Thursday, 12 October 2006
Bullying in the Workplace.
Question 9: To ask the Minister for Defence if his attention has been drawn to the ongoing bullying and harassment of PDFORRA officials within the Defence Forces; and the steps he will take to address the problem and to ensure that a directive that members of the forces who carry out representative duties must not be disadvantaged or discriminated against is no longer ignored. [32314/06]
I assure the Deputy that any allegations of bullying and harassment in the Defence Forces are treated with the utmost seriousness. There are extensive processes in place to protect the rights of Defence Forces personnel, including PDFORRA officials. These procedures give robust protection and I urge PDFORRA officials to avail of them if they feel there are issues to be resolved.
As I have stated in the House on previous occasions, a wide range of measures have been put in place to deal with issues in this area. An external advisory committee, chaired by Dr. Eileen Doyle, was tasked with examining this issue in the Defence Forces and the committee presented their original report, "The Challenge of a Workplace", in March 2002. This independent report addressed a wide range of interpersonal issues within the Defence Forces and its contents and recommendations were accepted in full by the Department.
An independent monitoring group was established in May 2002 to oversee the implementation of these recommendations and its progress report, "Response to the Challenge of a Workplace", was launched by my predecessor on 24 September 2004. Arising from the Doyle report, a number of steps have been taken. Firm guiding principles have been set out in the Defence Forces dignity in the workplace charter. A major educational awareness programme is ongoing throughout the Defence Forces. A new administrative instruction on interpersonal relationships was introduced in March 2003. The instruction and a user's guide were distributed to every member of the Defence Forces.
Designated contact persons, DCPs, have been fully trained and are deployed throughout all Defence Forces posts and barracks, both nationwide and overseas. The DCPs facilitate the operation of the formal and informal procedures that may be used by any party wishing to institute a complaint. An independent, external confidential freephone helpline and counselling service was set up for members of the Permanent Defence Force in March 2003. An independent pilot project of exit interviews seeking the experiences and views of outgoing members of the Permanent Defence Force was conducted. Leadership training has been given by external experts and has been the subject of NCO focus groups with an emphasis on "training the trainers". Changes in cadet school instruction have been initiated, with issues concerning the ranking, selection and training for cadet school instructors being addressed.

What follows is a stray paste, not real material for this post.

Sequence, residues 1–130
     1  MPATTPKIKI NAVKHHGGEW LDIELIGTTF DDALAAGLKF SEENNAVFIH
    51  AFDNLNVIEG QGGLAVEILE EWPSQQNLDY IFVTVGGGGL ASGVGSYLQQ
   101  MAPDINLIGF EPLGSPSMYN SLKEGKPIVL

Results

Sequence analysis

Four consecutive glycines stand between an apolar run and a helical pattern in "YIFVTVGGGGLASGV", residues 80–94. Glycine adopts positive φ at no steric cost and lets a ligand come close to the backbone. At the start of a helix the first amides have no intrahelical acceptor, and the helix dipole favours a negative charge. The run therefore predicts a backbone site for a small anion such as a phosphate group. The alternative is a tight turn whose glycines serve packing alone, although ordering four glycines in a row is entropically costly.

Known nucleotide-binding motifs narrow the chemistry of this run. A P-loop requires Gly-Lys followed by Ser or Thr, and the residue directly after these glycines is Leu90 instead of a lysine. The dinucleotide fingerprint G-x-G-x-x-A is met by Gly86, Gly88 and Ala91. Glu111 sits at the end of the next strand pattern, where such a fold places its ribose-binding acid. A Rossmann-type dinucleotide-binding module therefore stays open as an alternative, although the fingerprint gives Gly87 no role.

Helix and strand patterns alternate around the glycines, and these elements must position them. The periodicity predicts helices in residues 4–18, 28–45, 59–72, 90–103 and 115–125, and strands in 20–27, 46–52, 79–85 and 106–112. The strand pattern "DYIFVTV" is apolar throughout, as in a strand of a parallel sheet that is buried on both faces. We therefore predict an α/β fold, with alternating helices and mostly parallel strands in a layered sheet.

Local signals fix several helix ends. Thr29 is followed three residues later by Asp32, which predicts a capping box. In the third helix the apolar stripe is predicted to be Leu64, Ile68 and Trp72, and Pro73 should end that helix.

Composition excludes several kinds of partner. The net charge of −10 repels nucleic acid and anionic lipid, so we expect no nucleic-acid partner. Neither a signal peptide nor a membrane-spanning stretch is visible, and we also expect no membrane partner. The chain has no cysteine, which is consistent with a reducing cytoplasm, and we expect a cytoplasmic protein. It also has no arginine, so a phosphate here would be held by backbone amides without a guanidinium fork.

Defence Forces regulations, administrative instructions, policies and procedures have been reviewed by an equality steering group under a Labour Court chairperson. The Ombudsman for the Defence Forces has now been appointed. An officer within the Defence Forces human resources management section has been assigned responsibility for equality matters. A training circular entitled military code of conduct for students and instructors in all training environments was issued in 2004 and was followed by an extensive series of associated workshops for all relevant personnel.